Snowboard Accessories - what to get and how to choose
Helmets must be comfortable and allow you to move freely without getting displaced or hurting/pressing you somehow. Also, sizes will change from one brand to another. Just like boots, helmets have shapes and some shapes fit your head better than others. Approach buying a helmet like you approach buying snowboard boots (or any kind of boots), try before you buy. When buying a snowboard helmet you may also consider: 1 The goggles attachment system. 2 How easy is it to take of the liners to wash. 3 If the ear pads are removable. 4 If the ear-pads can accommodate phones and easily do they do so.
Before buying goggles check out:
1 Size, there are small, normal and big goggles, with the bigger ones you get a wider view, like a wide angle lens, the frame gets less in the way.
2 Lens color: not the lens style! If you use shades you know there is a lens color that you'll favor, go with that.
3 Style: there are lots of goggle styles, if that's important to you make sure to look around until you find the ones, because you probably will.
Snowboard gloves can be ready for true winter days, for warm spring days, or for something in between. If you want one pair for every conditions go with something in between, and for the really cold days you may add some liners (thinner gloves inside the snowboard gloves) underneath the gloves. Before buying snowboard gloves check out:
1 Impermeability: Go with gloves that have a membrane, GORE-TEX or some other membrane.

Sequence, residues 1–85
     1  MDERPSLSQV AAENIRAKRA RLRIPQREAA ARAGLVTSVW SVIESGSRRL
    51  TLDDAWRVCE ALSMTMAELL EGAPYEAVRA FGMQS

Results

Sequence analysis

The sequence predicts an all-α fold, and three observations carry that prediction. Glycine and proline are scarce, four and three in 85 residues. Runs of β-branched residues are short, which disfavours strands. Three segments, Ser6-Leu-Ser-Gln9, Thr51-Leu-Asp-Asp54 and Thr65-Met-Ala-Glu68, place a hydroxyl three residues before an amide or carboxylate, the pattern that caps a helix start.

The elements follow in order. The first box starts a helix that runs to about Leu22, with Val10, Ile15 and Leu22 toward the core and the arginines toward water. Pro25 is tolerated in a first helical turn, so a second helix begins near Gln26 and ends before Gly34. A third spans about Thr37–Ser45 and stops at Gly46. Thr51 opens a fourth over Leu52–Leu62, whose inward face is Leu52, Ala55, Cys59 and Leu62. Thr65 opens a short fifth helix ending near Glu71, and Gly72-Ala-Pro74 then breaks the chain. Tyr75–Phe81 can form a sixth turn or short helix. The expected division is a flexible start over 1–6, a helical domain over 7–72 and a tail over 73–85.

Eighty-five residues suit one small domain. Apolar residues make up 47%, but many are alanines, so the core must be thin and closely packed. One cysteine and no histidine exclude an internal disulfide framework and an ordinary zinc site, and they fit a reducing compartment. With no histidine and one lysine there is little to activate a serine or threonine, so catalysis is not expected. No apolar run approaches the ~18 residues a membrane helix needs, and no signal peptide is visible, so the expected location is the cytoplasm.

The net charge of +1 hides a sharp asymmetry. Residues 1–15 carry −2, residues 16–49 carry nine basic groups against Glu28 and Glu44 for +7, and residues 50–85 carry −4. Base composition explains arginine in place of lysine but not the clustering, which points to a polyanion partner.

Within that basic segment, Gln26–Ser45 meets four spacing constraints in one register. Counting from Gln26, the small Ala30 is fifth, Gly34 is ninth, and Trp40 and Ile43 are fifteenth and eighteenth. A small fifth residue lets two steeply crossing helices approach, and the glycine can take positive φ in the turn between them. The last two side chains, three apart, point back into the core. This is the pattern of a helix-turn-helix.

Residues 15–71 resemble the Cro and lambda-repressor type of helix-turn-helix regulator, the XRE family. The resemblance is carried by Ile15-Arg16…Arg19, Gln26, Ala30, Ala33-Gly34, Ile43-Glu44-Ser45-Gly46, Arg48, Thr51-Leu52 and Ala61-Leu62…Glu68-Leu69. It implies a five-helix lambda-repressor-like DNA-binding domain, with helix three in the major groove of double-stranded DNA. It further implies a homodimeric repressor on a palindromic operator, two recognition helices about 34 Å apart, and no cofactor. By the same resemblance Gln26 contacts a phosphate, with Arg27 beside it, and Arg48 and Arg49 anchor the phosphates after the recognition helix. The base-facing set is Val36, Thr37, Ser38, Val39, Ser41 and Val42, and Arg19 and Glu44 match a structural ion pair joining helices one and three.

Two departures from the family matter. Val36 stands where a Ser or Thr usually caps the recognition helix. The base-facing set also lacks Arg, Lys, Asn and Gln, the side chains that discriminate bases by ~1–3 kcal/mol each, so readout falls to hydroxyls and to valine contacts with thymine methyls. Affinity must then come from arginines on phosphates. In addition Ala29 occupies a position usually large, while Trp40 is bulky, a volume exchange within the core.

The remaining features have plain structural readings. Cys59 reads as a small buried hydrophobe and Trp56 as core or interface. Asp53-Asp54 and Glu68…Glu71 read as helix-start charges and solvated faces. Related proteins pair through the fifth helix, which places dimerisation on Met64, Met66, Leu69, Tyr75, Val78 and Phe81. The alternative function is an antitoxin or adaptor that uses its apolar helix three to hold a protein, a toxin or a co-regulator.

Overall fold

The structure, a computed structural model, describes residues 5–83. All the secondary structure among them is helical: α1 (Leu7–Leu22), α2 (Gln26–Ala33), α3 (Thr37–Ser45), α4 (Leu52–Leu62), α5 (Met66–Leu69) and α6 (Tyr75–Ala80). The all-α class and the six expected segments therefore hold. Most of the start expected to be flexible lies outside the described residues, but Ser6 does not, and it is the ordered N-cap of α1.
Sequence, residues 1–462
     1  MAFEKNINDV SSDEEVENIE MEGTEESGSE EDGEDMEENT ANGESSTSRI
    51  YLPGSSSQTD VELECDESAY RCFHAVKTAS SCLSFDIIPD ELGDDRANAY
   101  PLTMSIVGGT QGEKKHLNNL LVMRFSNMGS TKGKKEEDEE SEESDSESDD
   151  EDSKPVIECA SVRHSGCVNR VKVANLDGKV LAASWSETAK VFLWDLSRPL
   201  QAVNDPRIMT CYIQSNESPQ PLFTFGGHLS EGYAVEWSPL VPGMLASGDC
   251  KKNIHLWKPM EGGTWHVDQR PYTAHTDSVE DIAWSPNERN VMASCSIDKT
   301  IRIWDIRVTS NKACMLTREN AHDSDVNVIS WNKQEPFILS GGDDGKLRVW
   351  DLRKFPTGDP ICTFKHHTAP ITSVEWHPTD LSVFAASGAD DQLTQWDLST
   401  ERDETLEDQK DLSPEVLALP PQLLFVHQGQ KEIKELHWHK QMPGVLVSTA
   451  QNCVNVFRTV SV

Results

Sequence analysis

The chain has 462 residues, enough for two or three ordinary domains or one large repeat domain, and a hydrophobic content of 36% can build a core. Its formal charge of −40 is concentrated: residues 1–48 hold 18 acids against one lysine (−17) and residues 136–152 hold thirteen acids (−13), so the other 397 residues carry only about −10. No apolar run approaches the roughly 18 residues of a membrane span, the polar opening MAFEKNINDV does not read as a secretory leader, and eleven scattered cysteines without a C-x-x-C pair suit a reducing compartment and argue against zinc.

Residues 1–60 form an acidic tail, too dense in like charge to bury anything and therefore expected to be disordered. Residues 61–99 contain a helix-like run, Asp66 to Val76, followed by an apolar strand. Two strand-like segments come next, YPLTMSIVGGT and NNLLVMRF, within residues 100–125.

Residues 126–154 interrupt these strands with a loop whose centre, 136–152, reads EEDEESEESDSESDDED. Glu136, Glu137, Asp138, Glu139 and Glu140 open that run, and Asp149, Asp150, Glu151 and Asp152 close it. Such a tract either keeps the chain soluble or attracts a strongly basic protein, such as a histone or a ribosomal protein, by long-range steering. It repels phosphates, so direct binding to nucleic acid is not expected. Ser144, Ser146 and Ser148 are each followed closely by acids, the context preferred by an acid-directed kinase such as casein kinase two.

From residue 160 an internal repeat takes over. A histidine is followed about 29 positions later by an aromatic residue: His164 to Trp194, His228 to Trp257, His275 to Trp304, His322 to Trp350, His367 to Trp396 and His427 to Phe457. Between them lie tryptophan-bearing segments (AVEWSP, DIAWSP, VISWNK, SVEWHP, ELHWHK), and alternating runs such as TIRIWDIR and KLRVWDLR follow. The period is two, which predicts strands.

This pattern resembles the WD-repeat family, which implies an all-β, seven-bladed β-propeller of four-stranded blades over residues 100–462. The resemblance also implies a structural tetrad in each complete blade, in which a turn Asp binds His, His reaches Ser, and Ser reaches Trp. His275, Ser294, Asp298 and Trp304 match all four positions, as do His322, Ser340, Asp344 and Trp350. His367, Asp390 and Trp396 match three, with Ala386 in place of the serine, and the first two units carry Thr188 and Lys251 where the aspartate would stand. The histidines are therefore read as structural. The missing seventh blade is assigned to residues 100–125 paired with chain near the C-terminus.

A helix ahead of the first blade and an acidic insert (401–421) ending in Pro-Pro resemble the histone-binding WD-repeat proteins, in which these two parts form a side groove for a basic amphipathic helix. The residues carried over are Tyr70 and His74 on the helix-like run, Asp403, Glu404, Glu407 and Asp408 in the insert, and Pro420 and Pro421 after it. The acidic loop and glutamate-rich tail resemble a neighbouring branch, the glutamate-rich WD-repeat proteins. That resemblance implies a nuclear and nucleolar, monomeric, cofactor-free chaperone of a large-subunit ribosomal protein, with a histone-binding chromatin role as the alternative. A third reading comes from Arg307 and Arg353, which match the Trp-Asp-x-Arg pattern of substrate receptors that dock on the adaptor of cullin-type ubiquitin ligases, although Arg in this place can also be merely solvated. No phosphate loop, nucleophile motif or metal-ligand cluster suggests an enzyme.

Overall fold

2 Breathabilithy: Less for cold days, more for warm days. If not indicated go by the type and thickness of the materials used.
3 Style: Cuff wrists are a good idea as long as you are not wearing liners. Mittens are warmer than gloves that separate fingers.
If you ride 2 or 3 weeks per season let the shop tune your board, unless you take pleasure in doing so. You'll get a better result for less money while avoiding all the work, maybe keep a rub-on wax stick in your pocket for a boost here and there between store visits. Still want to tune your snowboard yourself and are on a budget? Start by just some rub-on wax and some base filler and a lighter. Now if you really go for it, this are the basic accessories to maintain your snowboard:
Wax makes snowboard faster and preserves it's base. You may also use liquid or rub-on wax, easy to apply in the moment and needs no iron but works only to make the board fast, not to preserve the base, and goes off as fast as it goes on.
Iron to apply and spread the wax on the base of your snowboard.
Scraper to scrape of the excess wax.
Edge tuner, or detuner, depending on how you want to use it. Get one that can do sides and base and where you can set the desired edge angle.
Metal preserver or just some grease, to prevent the edges from rusting when you put the board away.
Base filler to fill any holes or scratches you make to your snowboards base.
Base filler applying pistol/lighter the pistol is for the pro or the aficionado, a simple lighter and a little patience will get the job done too, but on bases of any color other than black it won't look as good because the transparent or colored base filler usually burns and some black spots get to the base of your board.
Some other accessories that may get you some more comfort, fun and skills are: Action camerato keep some memories of your snowboarding sessions. Insolesfor your snowboard boots, they can be moldable and adapted to your feet. Some have a battery to keep them warm. Ear plugsfor your helmets ear pads, light years more comfortable than any phones. Training accessories, they can keep you in shape and tuned, but also entertained. Board bags / rackswill make it easy to travel and to keep your snowboard stuff organized. Grip-padsto make your snowboard less slippery for the unattached foot.
Pocket Toolsto tighten that eventual lose screw on your bindings.